Wisdom from the Five Elements of Nature

Wisdom from the Five Elements of Nature

Mar 01, 2024Soubhagya Barick

In the sequence of the universal evolution, space(akaash), air(vayu), fire (tejas), water (apa) and earth(prithvi) are the five elements of nature. The vast universe has been crafted through the evolution of these elements in different combinations. In Sanskrit, the ancient language of India, these 5 elements are termed as Panchatattva – ‘pancha’ meaning five and ‘tattva’ meaning elements. The knowledge of these elements helps us in understanding the laws of nature as well as the structure of our body. The natural order of the elements in the body are: Earth and water are at the base, below the navel, fire is in the middle of the torso; air and space reside in the upper body. We as human beings have understood the elements in their physical forms. But apart from having the physical knowledge of the elements, the elements have certain psychological attributes. Perceived closely the elements of nature demonstrate the wisdom for healthy living. 

The element of earth or prithvi holds things together. Earth’s innate nature is to support the human and non-human species of the environment which proves to be a signifier of strength, stability, balance, calmness, grounding, resilience and confidence. The element of water or apa is a lifesaver, a giver of pleasures. Water flows freely, but is our mind free from chaos?? When a man is born he is free, but when he dies he acquires a lot of rigidity on the way. He loses his fluidity, his freedom, his free-flowing ness and becomes bound by the chains of his own thought. This demonstrates that whatever is flexible and flowing will tend to grow and become strong. The great Chinese Philosopher Lao Tzu once said “Nothing is softer or more flexible than water, yet nothing can resist it”, which demonstrates that a freely flowing mind is a strong mind.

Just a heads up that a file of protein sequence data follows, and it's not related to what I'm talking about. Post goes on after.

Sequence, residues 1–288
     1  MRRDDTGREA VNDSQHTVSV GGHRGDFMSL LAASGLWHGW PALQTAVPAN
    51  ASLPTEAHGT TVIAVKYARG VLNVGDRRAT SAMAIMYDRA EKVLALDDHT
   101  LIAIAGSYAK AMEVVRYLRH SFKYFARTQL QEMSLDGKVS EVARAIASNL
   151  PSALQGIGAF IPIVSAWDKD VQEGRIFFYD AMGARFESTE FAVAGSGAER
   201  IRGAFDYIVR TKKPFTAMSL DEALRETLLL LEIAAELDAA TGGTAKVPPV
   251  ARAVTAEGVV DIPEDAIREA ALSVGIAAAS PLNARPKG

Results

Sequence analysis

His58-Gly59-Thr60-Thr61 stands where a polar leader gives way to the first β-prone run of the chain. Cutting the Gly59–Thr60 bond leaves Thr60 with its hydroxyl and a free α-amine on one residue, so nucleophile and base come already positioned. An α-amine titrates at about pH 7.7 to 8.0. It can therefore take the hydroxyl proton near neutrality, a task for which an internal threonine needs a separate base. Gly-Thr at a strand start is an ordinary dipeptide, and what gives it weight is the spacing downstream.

The element of fire or tejas burns anything that comes in contact with it. The way in which we perceive this characteristic of burning is completely in our hands. Swami Vivekananda asserts that “The same fire that cooks a meal for us may burn a child and it is not fault of the fire if it does so; the difference lies in the way in which it is used.” For a healthy life it is very necessary to burn the impurities present in our thoughts. Impure thoughts arise but it is in our hands how we deal with them. With the fire of our daily exercises like yoga, meditation etc. we can burn all our impure thoughts. 

In the eyes of a deep and profound philosophical system named Sankhya-Yoga, air or vayu is characterized as an element that always moves in the upward direction. Rising high is one of the main features of this fourth element. Life is like a see-saw. We do have our ups and downs, but rising well after a fall makes one a stronger human being. It is not important how many times you fall in life but it is of utmost significance how well you rise up and march forward which makes all the difference in life. Water, fire and air are the most commonly used elements to purify the body-mind. Space or akasha, I would say, is not an element but a complete philosophy of life. Space is huge, limitless, free, boundless, without any ego, it encompasses the entire existence. The difficulty appears when we fail to apply the unlimited capacity correctly. The first correct application of this infinite capacity is to function in an unselfish manner in life. The more you are generous, the more you encompass things, the more your mind becomes free, unrestricted and thereby silent. 

These are significant teachings which modern man acquires from the elemental existence. Existence teaches us the wisdom of life because “the entire existence is divine” - an ideology exhorted in the Isha Upanishad.

More articles

Comments (0)

There are no comments for this article. Be the first one to leave a message!

Leave a comment

Please note: comments must be approved before they are published